During the second round campaign, both GOP senators felt compelled to put money behind ad campaigns claiming their stock transactions did not cross any legal or ethical lines. Both have come under close scrutiny by the press and federal investigators for months for their offloading of some inventory, and acquisition of others, around private Senate briefings related to the spread of the coronavirus in January.
A recent report in the New York Times found that in January, Perdue had personally called his independent broker and ordered him to sell $ 1 million in stakes in a financial company where he had previously served on the board. Perdue, a former corporate CEO who was by far the Senate’s most active stock trader, has also engaged in timely transactions in previous years. In 2018, for example, the Senator acquired shares in a U.S. Navy subcontractor as he took control of a Senate committee with jurisdiction over the Navy, and then sold the stock for a profit while he was working on a bill that directed new business. to the entrepreneur, The daily beast reported.
After the article was published, Representative Raja Krishnamoorthi (D-IL), chairman of the House Oversight Committee’s panel on finance, wrote to the SEC asking it to probe these transactions. The SEC declined to comment on the letter. It’s unclear whether or not their previous investigation of Perdue’s trades included its pre-coronavirus activity, although some experts say it’s likely that regulators would have looked at its investment history to discern patterns.
“They will follow where the evidence goes,” said David Chase, a Florida defense attorney and former SEC attorney, who said the agency refusing to lay charges says “they kicked foot in the tires and will not continue. “
At the same time, he clarified: “You will never get an exemption.
For Democrats, the fact that Perdue and Loeffler are devoting valuable campaign resources to defending themselves against these accusations – and in turn amplifying them to some extent – indicates that they have damaged the duo and voters are responding. Perdue has decided to skip a debate scheduled for Sunday with his Democratic opponent, Jon Ossoff, a move that will allow him to avoid any direct questions about his stock transactions. And Perdue has remained loyal to a friendly audience since the start of the second-round campaign, denying the national and local press the opportunity to ask questions about his trading and explanations.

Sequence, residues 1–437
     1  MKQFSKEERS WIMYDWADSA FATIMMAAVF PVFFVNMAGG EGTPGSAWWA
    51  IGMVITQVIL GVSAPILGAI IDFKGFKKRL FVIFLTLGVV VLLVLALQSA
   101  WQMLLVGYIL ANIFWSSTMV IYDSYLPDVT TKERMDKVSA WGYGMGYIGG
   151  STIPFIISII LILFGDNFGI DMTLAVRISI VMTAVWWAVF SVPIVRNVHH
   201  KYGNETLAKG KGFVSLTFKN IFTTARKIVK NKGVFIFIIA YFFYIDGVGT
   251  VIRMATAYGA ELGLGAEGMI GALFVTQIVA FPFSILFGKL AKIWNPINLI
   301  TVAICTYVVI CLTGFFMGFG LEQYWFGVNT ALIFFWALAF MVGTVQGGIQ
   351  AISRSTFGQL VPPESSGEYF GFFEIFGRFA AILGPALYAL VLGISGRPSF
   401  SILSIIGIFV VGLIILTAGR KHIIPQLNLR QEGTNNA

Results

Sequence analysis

There are Republicans and Democrats who believe, however, that the political impact of the stories will be minimal. The conventional wisdom surrounding the second round is that there are few voters in Georgia who are really on the fence, and victory for both sides depends on how many of their voters they can elect.
“This is an election with enthusiasm and not persuasion,” said Brendan Buck, former senior assistant to former President Paul Ryan (R-WI) and originally from Georgia. “We are past the moment to define ourselves … it is only shirts against skins, which can bring out confirmed Republican voters.
“We’re also in a time where it’s been proven time and time again that if you just walk through the scandal, people move forward pretty quickly,” Buck continued. “All [Perdue] must do is give his answer and attack the other side directly, because at the end of the day that will be the strategy … talking a lot more about his opponents, than talking about himself or about ideas or solutions or something like that.
And if Republicans can connect even more deeply with Trump in the process, some say, so much the better.
“It makes sense that you feel compelled to address it in your post that you draw a parallel with the President in a sort of coded way that could resonate with the people you need to make sure it comes out for you.” , the GOP strategist told The Daily Beast. “Trump provided the playbook – never explain or apologize, always declare victory and move on.”